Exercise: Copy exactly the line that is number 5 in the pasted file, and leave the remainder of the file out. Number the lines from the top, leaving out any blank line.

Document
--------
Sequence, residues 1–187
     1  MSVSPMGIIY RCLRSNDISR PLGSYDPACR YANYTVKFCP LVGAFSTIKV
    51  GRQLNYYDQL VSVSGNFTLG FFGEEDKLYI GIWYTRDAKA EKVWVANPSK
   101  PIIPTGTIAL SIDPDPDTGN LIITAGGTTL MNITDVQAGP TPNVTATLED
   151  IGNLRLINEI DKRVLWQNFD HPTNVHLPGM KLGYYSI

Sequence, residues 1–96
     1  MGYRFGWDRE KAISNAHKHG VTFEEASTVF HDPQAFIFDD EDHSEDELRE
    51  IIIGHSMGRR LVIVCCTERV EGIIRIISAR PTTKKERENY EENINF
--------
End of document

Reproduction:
   151  IGNLRLINEI DKRVLWQNFD HPTNVHLPGM KLGYYSI